In recent years, government incentives, policy changes and industry standard initiatives have stimulated and encouraged the development of more seamless integration and interoperability between disconnected HIT and HIS systems. However, bringing together diverse IT systems across health systems -- and across the country -- is easier said than done. Despite national efforts to incentivize the exchange of health information, progress hasn’t been made at the rates you might expect. In fact, some people are wondering if vendors are responsible for slowing down the rate of HIT adoption -- claiming that vendors do not benefit from enabling their unique systems to "work well" with others so they are not focusing on enhancing these necessary interoperability capabilities.
I disagree. I would like to think that healthcare vendors care about more than just bottom dollar, and in fact have a genuine interest in truly improving care. The truth is that vendors are well past the point of seeing interoperability as a "necessary evil," and instead view it as a positive and necessary evolution of EHR technology. Since it is not realistic to expect all health organizations across the entire country to standardize on one EHR, interoperability remains a critical component in improving healthcare via the electronic exchange of information. In this way I think vendors are starting to view interoperability as a given requirement, just like security, or support for a “universal language” through code systems. Interoperability standards give vendors a chance to differentiate on other EHR features, like decision support capabilities or mobile functionality, while not having to worry about how to operate in a real-world, multi-system environment.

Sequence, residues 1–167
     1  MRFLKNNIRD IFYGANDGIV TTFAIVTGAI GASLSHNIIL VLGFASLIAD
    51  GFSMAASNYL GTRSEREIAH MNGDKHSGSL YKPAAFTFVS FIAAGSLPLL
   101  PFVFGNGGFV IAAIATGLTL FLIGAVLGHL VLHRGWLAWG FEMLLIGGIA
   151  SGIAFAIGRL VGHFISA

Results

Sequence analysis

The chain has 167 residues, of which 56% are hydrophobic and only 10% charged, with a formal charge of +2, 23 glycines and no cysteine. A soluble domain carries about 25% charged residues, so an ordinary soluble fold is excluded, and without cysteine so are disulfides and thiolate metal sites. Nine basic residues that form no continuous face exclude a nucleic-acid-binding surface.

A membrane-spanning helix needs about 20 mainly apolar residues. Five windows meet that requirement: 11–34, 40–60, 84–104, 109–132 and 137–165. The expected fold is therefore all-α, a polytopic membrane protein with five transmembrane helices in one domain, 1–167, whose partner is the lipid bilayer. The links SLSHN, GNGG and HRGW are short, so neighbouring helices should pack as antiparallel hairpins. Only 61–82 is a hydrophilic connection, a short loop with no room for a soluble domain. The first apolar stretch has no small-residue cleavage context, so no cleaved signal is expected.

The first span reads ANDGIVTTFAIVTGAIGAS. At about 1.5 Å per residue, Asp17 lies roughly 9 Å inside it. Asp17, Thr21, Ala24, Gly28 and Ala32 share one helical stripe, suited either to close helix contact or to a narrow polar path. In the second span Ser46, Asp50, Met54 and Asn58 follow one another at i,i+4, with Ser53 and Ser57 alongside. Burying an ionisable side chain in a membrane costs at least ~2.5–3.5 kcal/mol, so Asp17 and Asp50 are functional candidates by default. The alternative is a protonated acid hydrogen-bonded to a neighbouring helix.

Exactly analogous was the situation in the 1990s when proprietary PACS systems emerged as add-ons to CT and MR scanners. A few vendors recognized the opportunity to create a common framework for interoperability, realizing that sharing images would be in everyone’s interest and that locking customers into proprietary environments was a zero-sum game. As a result the DICOM standard was born, the multi-billion dollar PACS industry emerged, and everyone was a winner – providers, their partners and vendors.
Seamless interoperability between HIT systems, such as EHRs, is a necessity for health information exchange to be successful in improving care. In that respect, policy, vendors and patients all have vested roles to play in achieving this universal goal.